Environment for Food and Nutrition Security
Profound imbalances are increasing pressures on ecosystems to satisfy a growing demand for quantity, quality and diversity of food. This will require substantial changes in the production, consumption and quality of food. We need to produce more food more efficiently, we need to do so in a way that preserves the natural resource base to guarantee adequate food supply for now and future generations, and we need to address the major failings present in the food system today.
ENVIRONMENTAL DRIVERS OF FOOD AND NUTRITION INSECURITY
Technological advancements in the past century have significantly increased world food production, primarily through increased irrigation, fertilizer use and cropland expansion. But unfortunately such gains have also resulted in environmental degradation. By 2008, 24% of the global land area was estimated to have been degraded, and 40% of the world’s agricultural land is undergoing serious degradation and loss of biodiversity. Pollinator services although estimated to provide a value of 353.6 billion USD to agriculture annually, are severely threatened due to habitat loss and pesticide use. Pesticide toxicity has contributed to poisoning up to five million agricultural workers per year, and there is emerging evidence linking it to child stunting. Similarly, oceans, which are crucial for food security through fishing and marine aquaculture, are threatened as a result of overfishing and pollution. Deforestation and forest degradation (frequently driven by agricultural expansion including biofuels) cause an estimated 17.4% of the global greenhouse gas emissions that drive climate change.As a result of climate change, it is estimated that production will fall by 5–20% across all crops in Sub-Saharan Africa and by 16 million tons in South East Asia.
Competition for land for food production, demand for energy and the demand for water will become increasingly important issues. Agriculture is already responsible for 70 percent of total global “blue water” withdrawals. Water stress is likely to increase in many regions of the world with the effects of climate change and ongoing depletion of groundwater. Significant amounts of energy are used in extracting water, producing agricultural inputs, and in post-harvest processing, transport and distribution of food, as well as for the disposal of organic wastes. Energy prices, projected to rise and become more volatile over the coming years will expose several parts of the food system which are highly vulnerable to higher energy costs, for example fishing and production of nitrogen fertilizers. Bioenergy production competes with food production for land and water resources. On the other hand, bioenergy sustainably produced can spur innovation and investment in the agricultural sector, and help increase access to energy.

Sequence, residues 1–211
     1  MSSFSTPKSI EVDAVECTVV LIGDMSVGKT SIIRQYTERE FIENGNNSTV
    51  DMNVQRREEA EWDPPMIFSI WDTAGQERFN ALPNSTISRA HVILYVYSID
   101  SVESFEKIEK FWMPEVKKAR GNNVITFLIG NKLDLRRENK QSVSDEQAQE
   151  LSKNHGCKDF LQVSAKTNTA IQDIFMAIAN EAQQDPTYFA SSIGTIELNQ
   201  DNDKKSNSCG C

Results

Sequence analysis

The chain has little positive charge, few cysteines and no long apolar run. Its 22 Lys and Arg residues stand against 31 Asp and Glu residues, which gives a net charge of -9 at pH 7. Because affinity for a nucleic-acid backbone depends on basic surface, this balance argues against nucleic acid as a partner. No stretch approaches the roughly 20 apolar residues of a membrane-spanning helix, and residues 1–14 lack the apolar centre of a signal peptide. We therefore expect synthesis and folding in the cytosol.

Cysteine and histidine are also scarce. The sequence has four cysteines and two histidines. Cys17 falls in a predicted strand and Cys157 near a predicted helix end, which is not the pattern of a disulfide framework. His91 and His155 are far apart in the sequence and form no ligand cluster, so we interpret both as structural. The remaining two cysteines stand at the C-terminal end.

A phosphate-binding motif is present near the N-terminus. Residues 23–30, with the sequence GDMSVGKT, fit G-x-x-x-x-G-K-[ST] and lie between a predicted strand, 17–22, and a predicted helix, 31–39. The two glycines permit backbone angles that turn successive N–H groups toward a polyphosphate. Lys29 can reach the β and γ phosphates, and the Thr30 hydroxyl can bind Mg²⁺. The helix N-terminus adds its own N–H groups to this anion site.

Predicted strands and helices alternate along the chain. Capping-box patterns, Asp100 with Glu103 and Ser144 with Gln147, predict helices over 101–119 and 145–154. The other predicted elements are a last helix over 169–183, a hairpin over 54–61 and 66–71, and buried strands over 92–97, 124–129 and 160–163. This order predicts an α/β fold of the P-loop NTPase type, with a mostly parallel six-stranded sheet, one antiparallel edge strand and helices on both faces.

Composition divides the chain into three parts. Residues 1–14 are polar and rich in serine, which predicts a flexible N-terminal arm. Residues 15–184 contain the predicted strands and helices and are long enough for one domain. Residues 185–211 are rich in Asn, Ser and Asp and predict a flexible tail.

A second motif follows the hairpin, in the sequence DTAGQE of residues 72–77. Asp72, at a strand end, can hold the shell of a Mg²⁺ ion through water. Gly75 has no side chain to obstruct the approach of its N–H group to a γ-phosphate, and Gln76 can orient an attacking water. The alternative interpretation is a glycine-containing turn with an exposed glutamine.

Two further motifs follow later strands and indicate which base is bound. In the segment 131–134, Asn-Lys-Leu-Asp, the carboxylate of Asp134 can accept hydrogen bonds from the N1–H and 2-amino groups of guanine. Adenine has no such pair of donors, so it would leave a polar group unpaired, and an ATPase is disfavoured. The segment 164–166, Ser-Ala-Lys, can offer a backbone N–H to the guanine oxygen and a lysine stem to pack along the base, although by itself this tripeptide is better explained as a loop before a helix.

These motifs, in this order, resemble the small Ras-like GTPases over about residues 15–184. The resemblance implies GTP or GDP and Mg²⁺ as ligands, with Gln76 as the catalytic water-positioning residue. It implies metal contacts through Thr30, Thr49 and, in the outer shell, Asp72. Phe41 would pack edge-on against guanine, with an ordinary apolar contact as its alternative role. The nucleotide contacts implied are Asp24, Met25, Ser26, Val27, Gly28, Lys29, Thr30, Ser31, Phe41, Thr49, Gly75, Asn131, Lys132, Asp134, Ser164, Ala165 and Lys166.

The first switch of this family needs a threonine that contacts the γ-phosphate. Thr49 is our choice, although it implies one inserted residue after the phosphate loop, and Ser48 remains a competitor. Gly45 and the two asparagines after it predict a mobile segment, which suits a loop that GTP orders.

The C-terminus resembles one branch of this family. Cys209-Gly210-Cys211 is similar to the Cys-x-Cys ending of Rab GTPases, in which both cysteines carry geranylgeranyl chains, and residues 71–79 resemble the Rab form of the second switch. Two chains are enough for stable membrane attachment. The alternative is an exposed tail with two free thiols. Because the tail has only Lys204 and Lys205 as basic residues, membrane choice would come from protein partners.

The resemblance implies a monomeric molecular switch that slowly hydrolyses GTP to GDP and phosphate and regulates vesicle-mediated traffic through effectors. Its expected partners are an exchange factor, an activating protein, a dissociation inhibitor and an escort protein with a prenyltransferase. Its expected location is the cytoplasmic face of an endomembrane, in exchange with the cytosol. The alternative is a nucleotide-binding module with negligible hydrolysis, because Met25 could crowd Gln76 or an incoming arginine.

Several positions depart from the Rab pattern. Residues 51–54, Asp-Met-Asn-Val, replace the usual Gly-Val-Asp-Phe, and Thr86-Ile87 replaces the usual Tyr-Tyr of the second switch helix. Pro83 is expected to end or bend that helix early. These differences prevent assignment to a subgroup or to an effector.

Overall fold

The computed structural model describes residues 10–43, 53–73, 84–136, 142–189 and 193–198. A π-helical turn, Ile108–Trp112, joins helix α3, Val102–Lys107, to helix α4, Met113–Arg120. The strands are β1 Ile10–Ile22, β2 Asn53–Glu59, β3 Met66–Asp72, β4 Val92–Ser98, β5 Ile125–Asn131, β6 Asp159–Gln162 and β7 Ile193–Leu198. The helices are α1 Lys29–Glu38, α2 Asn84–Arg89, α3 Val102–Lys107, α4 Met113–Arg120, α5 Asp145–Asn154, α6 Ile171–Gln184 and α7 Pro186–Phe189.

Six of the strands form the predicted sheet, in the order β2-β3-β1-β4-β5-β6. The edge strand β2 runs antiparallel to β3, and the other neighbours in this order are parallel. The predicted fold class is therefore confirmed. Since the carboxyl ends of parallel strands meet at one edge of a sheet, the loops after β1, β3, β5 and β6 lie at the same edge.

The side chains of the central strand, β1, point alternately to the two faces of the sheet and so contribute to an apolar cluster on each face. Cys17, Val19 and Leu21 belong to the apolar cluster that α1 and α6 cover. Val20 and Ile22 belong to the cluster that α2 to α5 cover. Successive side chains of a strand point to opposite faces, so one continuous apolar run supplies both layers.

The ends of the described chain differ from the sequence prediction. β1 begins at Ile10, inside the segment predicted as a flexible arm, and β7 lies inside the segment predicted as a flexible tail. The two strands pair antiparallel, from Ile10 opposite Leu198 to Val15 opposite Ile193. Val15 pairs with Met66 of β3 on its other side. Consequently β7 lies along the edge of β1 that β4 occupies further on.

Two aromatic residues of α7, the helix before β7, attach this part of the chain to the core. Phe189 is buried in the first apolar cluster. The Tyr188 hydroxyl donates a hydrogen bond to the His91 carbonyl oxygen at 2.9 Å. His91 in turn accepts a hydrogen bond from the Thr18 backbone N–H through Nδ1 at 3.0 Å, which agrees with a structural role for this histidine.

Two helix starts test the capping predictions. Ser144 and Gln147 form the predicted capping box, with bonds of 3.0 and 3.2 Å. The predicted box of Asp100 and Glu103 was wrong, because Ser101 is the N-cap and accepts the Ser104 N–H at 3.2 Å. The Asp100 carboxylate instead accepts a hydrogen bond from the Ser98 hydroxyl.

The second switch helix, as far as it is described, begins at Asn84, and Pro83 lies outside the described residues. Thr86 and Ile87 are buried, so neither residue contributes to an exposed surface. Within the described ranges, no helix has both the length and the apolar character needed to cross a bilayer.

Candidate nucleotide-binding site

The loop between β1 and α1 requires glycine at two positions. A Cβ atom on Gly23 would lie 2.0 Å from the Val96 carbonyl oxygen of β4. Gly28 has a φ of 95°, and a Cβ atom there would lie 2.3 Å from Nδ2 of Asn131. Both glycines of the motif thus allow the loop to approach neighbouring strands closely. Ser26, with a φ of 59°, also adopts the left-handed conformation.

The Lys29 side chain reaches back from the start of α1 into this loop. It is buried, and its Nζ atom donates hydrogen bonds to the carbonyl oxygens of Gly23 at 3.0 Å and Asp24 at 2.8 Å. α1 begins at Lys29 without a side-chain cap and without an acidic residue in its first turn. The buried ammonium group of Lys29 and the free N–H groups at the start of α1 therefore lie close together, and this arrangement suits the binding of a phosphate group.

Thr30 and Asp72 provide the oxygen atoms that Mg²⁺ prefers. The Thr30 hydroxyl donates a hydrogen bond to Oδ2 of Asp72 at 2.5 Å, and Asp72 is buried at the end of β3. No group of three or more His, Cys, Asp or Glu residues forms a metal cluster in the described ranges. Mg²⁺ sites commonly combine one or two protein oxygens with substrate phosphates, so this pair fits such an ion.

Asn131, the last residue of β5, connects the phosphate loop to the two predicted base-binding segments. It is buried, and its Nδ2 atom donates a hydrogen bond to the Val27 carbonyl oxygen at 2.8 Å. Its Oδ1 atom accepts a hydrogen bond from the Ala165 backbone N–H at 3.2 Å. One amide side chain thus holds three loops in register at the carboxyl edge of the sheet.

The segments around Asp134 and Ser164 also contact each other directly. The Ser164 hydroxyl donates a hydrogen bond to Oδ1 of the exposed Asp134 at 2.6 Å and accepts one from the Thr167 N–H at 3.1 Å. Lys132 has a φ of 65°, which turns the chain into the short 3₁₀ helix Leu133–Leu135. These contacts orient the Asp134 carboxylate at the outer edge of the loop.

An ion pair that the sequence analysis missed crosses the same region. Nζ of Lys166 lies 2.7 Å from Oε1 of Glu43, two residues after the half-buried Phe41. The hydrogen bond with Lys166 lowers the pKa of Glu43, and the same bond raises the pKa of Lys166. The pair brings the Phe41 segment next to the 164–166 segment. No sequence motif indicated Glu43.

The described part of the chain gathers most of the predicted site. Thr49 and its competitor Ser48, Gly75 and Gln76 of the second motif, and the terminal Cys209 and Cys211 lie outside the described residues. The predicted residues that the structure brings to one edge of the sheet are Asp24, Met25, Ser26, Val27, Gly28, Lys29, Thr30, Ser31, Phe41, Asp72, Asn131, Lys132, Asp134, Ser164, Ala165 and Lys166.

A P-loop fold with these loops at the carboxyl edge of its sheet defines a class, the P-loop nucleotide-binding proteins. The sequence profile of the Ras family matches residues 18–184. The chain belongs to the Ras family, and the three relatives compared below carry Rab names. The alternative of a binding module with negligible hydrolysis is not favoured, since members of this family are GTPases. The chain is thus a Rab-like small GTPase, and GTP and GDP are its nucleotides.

About one third of all food produced for human consumption is lost or wasted – around 1.3 billion tons every year. Even if just one-fourth of this could be saved, it would be enough to feed the hungry in the world.. Two-thirds of this is due to post-harvest crop losses (harvesting, processing and distributing). The other third occurs because of waste on the consumption side. In industrialized nations, almost half of the total food waste - around 300 million tons annually - occurs because producers, retailers and consumers discard food that is still fit for consumption.
Smallholder food producers are increasingly marginalized. Unequal access and rights to natural resources and land, lack of credit and safe technologies for small holder food producers, inefficient agricultural subsidies, lack of tenure for women, and lost access to land as a result of large scale purchases, all result in missed productivity gains. Since 2001, a total of 227 million hectares of land (an area the size of Western Europe) has been sold or leased mainly to international investors, the trend intensifying after the 2008 food crisis. Much of it is being left unused suggesting a trend towards land banking, and many smallholders have been affected negatively. Between 1973 and 2000, countries that had a more equitable distribution of land achieved growth rates higher than those that did not.
Political and institutional obstacles, including harmful subsidies, unfair trade practices and inadequate market structures need to be tackled to ensure that the global food system can adequately respond to future threatsand pressures whilst safeguarding food security and nutrition. For example, the price spikes of 2008 increased food prices by an average of 63%. When poor households spend up to 50 - 80% of their incomes on food purchases, such volatility can create huge impacts plunging many millions suddenly into conditions of malnourishment. This crisis was a result of five factors; competition for crop land from biofuels, low cereal stocks, high oil prices, speculation in food markets, and extreme weather events. Governance at national levels needs to consider measures to increase supply and influence demand in a sustainable manner – encompassing robust environmental, socio-economic, and nutritional outcomes.